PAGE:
Family of teenager who died after fall from Florida Amusement Park Ride sues for wrongful death
Family photo Samson tire
The family of Tire Sampson, 14, who fell from a ride at a Florida amusement park last month, filed a wrongful death lawsuit on Monday.
Sampson, a vacationing Missouri teenager, died after falling from the Orlando FreeFall attraction at ICON Park around 11 p.m. on March 24, officials previously said.
In the complaint, parents Nekia Dodd and Yarnell Sampson say their son, an “honor roll student and football player”, was on a spring break trip when he “fell at least a hundred feet down ‘to his death’ after being ‘thrown’ from the ride.
“Despite his prowess on the football pitch, he was known as a generous person who cared about others,” the complaint reads. “Tyre had a long and prosperous life ahead of him which was cut short by this tragic event.”
The lawsuit is filed against a number of entities associated with the amusement park ride, including SlingShot Group owner-operator Icon Park, ride maker Fun Time Thrill Rides and Gerstlauer Amusement Rides, which made the seats and harnesses.
“Orlando Slingshot continues to cooperate fully with the state during its investigation, and we will continue to do so until it is formally concluded,” an attorney for Orlando Slingshot said in a statement obtained by PEOPLE.
“We reaffirm that all protocols, procedures and safety measures provided by the ride manufacturer were followed,” the statement continued. “We look forward to working with the Florida Legislature to implement changes in the industry and we also support the concepts outlined by State Rep. Geraldine Thompson to make changes to state law by the through the “Tire Sampson Bill” in order to prevent a tragic accident like this from ever happening again.”
Icon Park, Fun Time Thrill Rides and Gerstlauer Amusement Rides did not immediately respond to PEOPLE’s requests for comment.
RELATED: Safety sensor on teen’s harness was manually adjusted while riding before fatal fall: officials
The complaint alleges that the amusement park ride was “unreasonably dangerous” and that staff were negligent in allowing Sampson, who was 6ft 2in and weighed around 380lbs, to ride the ride.
“Icon Park’s Free Fall ride is the tallest free-standing drop tower in the world, at 430 feet. Once the ride reaches the top, it tilts forward 30° and freely falls several hundred of feet at speeds over 75 miles per hour.” the complaint states. “When they come to a stop, the runners feel a g-force of about 4. To put that into perspective, the g-force the astronauts feel as the shuttle lifts off is 3.”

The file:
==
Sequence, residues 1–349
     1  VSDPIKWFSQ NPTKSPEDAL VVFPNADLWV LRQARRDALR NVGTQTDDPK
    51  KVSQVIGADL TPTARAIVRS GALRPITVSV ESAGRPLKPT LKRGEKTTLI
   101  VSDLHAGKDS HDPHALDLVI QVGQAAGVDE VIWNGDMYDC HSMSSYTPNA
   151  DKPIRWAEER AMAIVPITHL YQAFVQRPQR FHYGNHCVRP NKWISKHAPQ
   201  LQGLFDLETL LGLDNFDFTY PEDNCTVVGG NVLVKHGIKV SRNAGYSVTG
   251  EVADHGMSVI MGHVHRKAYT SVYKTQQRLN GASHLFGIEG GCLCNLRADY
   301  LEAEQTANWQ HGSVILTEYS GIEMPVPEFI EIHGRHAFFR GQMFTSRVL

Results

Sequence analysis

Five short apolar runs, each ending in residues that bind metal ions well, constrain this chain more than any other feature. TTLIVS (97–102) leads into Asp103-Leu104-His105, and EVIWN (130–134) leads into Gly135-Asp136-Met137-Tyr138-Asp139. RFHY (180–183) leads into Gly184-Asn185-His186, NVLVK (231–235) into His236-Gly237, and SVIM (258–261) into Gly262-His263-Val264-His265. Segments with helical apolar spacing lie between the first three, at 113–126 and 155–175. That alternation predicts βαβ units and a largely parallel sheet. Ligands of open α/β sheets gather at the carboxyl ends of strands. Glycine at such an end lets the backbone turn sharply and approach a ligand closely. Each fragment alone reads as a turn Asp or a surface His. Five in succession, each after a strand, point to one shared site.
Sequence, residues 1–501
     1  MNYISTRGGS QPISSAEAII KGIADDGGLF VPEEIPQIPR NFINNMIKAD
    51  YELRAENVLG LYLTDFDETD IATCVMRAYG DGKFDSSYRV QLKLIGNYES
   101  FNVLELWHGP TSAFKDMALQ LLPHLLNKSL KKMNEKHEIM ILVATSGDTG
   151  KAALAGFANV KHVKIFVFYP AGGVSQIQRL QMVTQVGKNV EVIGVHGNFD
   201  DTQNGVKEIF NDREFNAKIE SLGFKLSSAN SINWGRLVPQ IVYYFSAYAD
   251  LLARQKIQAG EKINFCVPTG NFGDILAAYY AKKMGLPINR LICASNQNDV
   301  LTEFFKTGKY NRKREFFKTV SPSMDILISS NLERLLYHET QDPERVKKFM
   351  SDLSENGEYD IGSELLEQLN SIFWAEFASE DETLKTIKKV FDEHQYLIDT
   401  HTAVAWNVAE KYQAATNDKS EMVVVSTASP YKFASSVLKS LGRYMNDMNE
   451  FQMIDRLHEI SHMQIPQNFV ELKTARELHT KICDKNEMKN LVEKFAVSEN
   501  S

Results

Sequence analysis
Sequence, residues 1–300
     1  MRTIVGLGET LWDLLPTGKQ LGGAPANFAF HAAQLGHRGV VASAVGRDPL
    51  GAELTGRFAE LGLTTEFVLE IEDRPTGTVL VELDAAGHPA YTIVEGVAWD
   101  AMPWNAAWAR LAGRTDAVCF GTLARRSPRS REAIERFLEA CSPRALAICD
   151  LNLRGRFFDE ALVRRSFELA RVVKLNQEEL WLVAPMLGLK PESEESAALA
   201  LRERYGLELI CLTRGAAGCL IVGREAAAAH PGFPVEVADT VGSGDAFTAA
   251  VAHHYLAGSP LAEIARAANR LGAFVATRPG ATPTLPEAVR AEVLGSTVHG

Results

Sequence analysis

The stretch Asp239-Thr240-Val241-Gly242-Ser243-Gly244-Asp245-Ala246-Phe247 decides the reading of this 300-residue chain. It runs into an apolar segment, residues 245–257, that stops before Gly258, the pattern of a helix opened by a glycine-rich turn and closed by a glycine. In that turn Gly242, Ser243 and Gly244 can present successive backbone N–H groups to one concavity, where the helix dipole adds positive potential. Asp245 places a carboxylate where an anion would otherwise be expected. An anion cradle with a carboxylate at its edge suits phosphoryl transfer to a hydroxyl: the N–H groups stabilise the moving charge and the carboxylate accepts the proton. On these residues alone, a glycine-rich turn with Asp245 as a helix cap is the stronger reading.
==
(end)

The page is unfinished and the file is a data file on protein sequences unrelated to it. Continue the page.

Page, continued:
The complaint also alleges that unlike “most” similar freefall rides, the attraction “only had a shoulder harness to ‘secure’ the riders.”
Family photo Samson tire
The lawsuit was filed a week after new details about what may have contributed to Sampson’s death were released by Florida officials.
A report finalized by Quest Engineering and Failure Analysis “confirmed our department’s conclusion that the Orlando drop tower operator made manual adjustments to the ride that made it unsafe,” said Nikki Fried, commissioner of the Florida Department of Agriculture and Consumer Services, in a press release. conference.
“The report confirms that manual adjustments were made to the sensor in the seat in question to allow the harness restraint opening to be nearly twice the restraint’s normal opening range,” Fried continued. “These incorrect settings allowed the safety lights to come on, improperly satisfying the ride’s electronic safety mechanisms, which allowed the ride to operate, even though Mr. Sampson was not properly secured in the seat. .”
“As noted in the report, there are numerous other potential contributing factors that may have played a role in the incident, and this is what our department continues to investigate,” Freid added.
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“We are deeply troubled that preliminary findings from the state’s investigation indicate that a sensor on the Orlando FreeFall attraction, which is owned and operated by the SlingShot Group, was improperly fitted after the sensor was initially fixed in place,” said ICON Park. in a statement to PEOPLE at the time.
“ICON Park is committed to providing a safe and fun experience for families,” the statement continued. “We will continue to support the Florida Department of Agriculture and Consumer Services in their ongoing investigation.”
RELATED: Dad learned his son, 14, died from fall from amusement park on social media: ‘Hit Me So Hard’
“Orlando Slingshot has fully cooperated with the State during the initial phase of its investigation, and we will continue to do so until it is formally concluded. All protocols, procedures and safety precautions provided to us provided by the amusement ride’s manufacturer were tracked,” Trevor Arnold, attorney for Orlando SlingShot, said in a previous statement to PEOPLE.
“Today’s report suggests a comprehensive review of the amusement ride’s design, safety, operation, restraint mechanisms and history – which we of course welcome. We look forward to working with the legislature of Florida to implement industry change, as the safety of our customers is always our top priority,” the statement continued.
A GoFundMe was set up by Sampson’s mother.